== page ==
Again, there are highlights in the soundtrack, and they do a lot in almost saving the final product, but in so many ways, the music works to this musical's detriment, not just because plenty of numbers are weak, but because the musical storytelling aspects of this film hardly work, partially because the leaps between the unevenly used spoken word narration type of storytelling - powered by George Burns - and most prominent musical storytelling prove be about as jarring as the occasional considerable tonal shift that comes with sudden changes in certain songs of distinct types, and largely because the tight flow of musical narrative keeps you from meditating upon the progression of the "story", which is kind of ironic, seeing as how when this film is careful to not sum up too much with the musical number, it ends up having the music blandly meander along one sequence, sometimes dully. Like I said, there are entertaining spells that go anchored by the musicality, but there are dull spots which are also anchored by the musicality, or at least misusage of the musicality in the context of the telling of what story there is, which isn't to say that the performers in this film do more than just turn in both overbearing musical numbers and, well, some unconvincing attempts at lip-syncing. There's certainly not a whole for our performers to work with, so it's not like there are a whole lot of weak notes within the cast, some of whose members charm enough to earn a bit of your appreciation, but when the acting faults, there's no missing it, because we're talking about a cast that is mostly comprised of musicians with little, if any acting background who were crammed in simply because of the magnitude of their name, whose respectability is kind of shaken by unconvincing, if not cheesy physical acting that ranges from disconcerting to near-frustrating. Again, the occasional charming performer earns your attention, but on the whole, the mediocrity, if not incompetence of the acting hurts the effectiveness of this film's substance, which was, of course, never to be too rich, because what we have here is a paper-thin, overwhelmingly fluffy story concept that has little going for it, and would be easier to swallow if it wasn't so bland and uncompelling, even when it comes to the concept, whose execution into an aimless, unfocused narrative gets to be monotonous something fierce. Clocking in at just shy of two hours, this mindlessly directionless mess of a film outstays its welcome, being not so frustratingly overblown that it earns disdain, but certainly too long to have so much fluff, which makes things all the more irritating by getting mighty carried away time and again. Not simply paper-thin, this film's story is all-out dumb, and sure, the deliberateness of this "plot's" stupidity is obvious and could have added to the charming entertainment value, but ends up being much too milked by over-the-top cheesiness that results in lame jokes, painfully overbearing themes and embarrassing set piece, after embarrassing set piece, until the film ends up drowned in corniness whose liveliness can't even be consistently soaked up through the blandness. Sure, when the film doesn't have its entertaining moments, it's simply too bland to be bad, and such a formula, while kind of aggravating, saves the final product from contempt, but make no mistake, this film is an overblown, unfocused, cheesy and all around misguided mess that falls every bit as short of likability as it falls short of disdain, directly into mediocrity, at the absolute best.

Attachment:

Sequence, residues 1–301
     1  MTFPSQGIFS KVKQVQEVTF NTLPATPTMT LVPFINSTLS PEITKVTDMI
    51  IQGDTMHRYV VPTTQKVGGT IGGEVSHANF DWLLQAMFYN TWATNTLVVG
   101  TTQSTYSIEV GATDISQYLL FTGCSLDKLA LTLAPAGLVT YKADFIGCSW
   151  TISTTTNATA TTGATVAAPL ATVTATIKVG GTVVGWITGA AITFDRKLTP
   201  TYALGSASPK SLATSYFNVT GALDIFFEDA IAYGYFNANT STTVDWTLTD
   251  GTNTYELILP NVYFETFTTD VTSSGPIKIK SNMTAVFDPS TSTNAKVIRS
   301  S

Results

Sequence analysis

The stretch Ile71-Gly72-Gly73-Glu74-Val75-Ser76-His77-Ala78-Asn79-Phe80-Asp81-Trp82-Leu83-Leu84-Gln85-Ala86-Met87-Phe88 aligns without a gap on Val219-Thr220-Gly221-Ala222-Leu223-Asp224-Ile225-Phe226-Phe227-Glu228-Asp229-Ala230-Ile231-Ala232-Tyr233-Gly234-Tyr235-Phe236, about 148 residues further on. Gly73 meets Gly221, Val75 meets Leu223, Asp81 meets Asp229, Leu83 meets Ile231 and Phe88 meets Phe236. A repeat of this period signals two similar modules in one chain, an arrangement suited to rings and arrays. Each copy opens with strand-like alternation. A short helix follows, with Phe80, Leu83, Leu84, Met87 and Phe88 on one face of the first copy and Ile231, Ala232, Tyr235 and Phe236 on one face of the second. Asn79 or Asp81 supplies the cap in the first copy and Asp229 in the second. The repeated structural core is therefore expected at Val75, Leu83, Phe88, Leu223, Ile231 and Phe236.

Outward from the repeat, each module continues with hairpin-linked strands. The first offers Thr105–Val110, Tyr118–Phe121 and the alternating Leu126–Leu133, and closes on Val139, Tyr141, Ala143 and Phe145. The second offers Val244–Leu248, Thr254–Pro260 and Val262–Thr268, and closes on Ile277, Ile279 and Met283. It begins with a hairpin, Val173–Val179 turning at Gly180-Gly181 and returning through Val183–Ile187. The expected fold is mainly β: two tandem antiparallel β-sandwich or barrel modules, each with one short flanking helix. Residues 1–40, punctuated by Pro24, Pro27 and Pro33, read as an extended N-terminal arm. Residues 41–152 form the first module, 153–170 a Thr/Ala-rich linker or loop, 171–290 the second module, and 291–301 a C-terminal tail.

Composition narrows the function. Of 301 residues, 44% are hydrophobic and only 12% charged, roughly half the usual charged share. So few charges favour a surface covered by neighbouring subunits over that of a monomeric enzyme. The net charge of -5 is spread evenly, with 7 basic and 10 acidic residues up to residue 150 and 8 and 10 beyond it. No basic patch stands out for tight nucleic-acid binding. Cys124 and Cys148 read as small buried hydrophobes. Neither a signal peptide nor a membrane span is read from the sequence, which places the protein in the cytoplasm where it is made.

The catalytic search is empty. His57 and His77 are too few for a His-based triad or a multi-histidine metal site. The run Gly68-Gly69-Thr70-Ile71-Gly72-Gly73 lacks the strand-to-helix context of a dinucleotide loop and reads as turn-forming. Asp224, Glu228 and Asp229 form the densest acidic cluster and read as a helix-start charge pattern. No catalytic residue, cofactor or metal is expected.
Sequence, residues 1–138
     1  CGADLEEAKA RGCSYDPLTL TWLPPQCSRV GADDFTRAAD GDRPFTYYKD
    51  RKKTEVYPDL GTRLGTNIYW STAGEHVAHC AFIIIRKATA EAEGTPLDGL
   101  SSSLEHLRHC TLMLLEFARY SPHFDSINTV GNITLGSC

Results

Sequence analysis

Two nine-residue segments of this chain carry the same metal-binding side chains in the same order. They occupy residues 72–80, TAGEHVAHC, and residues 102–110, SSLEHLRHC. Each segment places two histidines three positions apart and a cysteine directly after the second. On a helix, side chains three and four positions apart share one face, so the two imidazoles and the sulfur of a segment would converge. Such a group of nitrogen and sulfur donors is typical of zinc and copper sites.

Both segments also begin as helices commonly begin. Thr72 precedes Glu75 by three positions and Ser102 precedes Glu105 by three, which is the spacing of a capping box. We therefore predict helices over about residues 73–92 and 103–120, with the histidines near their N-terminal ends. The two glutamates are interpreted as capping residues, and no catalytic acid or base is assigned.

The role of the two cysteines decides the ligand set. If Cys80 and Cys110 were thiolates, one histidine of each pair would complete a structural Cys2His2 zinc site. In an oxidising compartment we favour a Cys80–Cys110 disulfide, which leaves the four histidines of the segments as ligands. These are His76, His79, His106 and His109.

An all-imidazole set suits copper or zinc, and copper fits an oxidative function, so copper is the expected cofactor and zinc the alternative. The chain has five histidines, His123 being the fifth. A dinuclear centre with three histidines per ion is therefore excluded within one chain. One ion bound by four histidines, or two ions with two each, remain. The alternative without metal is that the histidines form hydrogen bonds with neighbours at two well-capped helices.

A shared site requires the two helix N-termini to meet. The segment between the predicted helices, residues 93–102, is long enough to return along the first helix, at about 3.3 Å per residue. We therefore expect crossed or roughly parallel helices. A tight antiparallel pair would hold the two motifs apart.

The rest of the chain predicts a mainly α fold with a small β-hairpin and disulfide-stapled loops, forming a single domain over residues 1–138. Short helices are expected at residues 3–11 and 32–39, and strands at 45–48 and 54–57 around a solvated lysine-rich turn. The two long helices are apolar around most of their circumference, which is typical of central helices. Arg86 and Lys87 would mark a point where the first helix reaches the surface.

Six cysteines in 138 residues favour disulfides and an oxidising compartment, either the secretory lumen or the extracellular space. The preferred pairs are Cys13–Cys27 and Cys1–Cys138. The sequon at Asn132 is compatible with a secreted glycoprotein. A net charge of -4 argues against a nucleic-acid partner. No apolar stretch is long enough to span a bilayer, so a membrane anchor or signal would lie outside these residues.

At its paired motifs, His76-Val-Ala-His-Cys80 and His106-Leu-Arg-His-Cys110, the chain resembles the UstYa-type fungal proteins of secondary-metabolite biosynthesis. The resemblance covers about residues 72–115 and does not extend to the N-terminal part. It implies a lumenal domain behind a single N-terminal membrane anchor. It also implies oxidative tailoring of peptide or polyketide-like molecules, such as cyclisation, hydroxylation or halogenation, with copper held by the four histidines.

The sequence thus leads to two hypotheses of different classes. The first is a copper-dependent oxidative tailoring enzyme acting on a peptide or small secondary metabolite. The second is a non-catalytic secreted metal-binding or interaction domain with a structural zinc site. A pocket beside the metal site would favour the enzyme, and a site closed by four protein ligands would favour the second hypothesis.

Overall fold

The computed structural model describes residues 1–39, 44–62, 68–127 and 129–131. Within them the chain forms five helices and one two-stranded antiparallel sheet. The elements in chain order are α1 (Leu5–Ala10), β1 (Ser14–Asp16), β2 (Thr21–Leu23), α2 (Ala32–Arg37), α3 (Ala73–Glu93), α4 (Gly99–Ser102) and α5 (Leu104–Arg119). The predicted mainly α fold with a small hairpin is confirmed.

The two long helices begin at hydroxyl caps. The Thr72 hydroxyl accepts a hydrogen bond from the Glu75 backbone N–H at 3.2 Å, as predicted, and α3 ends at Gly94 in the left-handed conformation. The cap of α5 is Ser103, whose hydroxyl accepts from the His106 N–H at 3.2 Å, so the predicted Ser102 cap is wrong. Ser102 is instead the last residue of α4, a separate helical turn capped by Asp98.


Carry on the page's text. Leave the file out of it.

When the day in a life is done, sharp production value, high points in the musical numbers and entertaining moments compliment the undeniable degree of charm within ambition that save the film from a collapse into contempt, but cannot dilute the sting of the unevenness, meandering spells and weakness within many a musical number, questionable occasions in acting, conceptually bland and aimlessly told "story", and overwhelming cheesiness that make Michael Schultz's "Sgt. Pepper's Lonely Hearts Club Band" a messily misguided borderline disaster that could be worse, but is still much too sloppy to be genuinely likable.

2/5 - Weak